Another great traditional marketing tactic is Customer Relationship Management or CRM. CRM use to be pretty well associated with the sophisticated activities of big businesses that could afford it. CRM involved splashy colored brochures, call center contact and other labor intensive initiatives.

Those initiatives are still used by many firms, but so is the relatively easy to execute email marketing campaign. In its earliest days email marketing was considered a god send and a necessary evil that turned off many potential clients.

Now that there have been regulations put in place and clients have the choice of choosing to receive your emails (opting in), email marketing is a far more respected and cost effective format of communicating with customers.

Regular communications through emails to your customers helps to show your appreciation of their loyalty—especially when your messages are not just about sales.

Savvy small business marketers offer free quality items to members on their email list as an expression of appreciation for customer loyalty. Things like information packages, discounts on future purchases, advance notice of sales promotions and other services help your list to feel appreciated for their loyalty and that translates into future sales.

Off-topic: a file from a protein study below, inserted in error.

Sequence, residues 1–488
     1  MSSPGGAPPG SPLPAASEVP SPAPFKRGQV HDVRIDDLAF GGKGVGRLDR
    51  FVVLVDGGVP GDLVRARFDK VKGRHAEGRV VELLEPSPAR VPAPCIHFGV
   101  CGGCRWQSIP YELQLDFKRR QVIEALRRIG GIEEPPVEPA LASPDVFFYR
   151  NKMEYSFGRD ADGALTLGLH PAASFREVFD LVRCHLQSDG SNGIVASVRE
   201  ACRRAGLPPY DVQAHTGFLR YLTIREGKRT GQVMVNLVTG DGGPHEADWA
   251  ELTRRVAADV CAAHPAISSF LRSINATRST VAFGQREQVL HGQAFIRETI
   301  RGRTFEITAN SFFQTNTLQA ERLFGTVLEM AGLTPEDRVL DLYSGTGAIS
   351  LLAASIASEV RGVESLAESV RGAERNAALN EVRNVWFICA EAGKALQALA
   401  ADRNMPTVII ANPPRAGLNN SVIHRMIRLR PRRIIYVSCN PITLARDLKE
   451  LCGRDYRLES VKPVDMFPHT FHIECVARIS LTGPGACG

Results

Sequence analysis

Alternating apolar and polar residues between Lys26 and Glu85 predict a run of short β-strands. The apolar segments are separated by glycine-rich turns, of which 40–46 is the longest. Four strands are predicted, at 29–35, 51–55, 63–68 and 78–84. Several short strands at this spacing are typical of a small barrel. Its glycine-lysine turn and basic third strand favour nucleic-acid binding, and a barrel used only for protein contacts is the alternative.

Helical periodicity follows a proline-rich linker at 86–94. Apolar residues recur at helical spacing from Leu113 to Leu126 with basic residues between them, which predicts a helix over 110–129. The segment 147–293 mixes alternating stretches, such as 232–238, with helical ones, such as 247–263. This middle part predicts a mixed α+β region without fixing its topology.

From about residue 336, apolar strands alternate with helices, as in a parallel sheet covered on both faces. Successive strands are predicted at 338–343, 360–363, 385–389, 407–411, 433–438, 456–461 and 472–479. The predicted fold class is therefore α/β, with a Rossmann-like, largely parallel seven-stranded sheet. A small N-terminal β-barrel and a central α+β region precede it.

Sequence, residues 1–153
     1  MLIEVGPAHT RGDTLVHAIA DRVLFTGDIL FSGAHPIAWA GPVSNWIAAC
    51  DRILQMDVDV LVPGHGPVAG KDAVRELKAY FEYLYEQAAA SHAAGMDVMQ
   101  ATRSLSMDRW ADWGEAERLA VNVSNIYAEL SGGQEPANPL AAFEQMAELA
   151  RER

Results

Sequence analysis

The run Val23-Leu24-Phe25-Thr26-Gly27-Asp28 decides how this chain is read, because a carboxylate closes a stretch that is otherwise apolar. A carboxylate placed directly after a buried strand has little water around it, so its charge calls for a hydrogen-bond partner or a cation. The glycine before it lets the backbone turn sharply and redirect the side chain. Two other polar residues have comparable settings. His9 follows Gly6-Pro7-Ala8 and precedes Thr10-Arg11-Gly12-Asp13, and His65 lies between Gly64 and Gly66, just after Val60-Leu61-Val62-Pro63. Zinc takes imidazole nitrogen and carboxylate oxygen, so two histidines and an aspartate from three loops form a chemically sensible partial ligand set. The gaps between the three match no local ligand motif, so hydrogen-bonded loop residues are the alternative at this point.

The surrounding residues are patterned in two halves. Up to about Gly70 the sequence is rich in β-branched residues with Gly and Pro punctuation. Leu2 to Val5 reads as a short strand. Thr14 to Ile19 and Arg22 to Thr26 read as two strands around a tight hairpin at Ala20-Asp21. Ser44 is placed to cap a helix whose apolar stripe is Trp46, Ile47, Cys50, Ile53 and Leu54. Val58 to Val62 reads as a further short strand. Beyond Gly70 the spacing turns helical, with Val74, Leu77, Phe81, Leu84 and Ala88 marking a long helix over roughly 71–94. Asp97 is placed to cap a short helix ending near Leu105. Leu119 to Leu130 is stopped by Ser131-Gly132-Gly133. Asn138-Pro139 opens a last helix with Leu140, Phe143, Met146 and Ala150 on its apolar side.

Not only is email marketing effective – it is very affordable.

For a relatively low subscription fee you can keep in contact with hundreds or thousands of your potential clients using an automated system that would have required additional staff in those pre-Internet days.

Whether you do your business primarily online or offline, the Internet is a resource to be embraced as an integral part of your business.

A small business owner can now affordably and easily:

– Access valuable market research data;
– Implement a sophisticated customer relationship management program
– Promote across the world—all through the convenience of the Internet.

Take the time each day to review the most respected and proven tips, resources and practices available to marketers today. Read over the posts and archives on our site—Small Business Branding features the insights and tips from some of the internet marketing industry’s most respected thought leaders.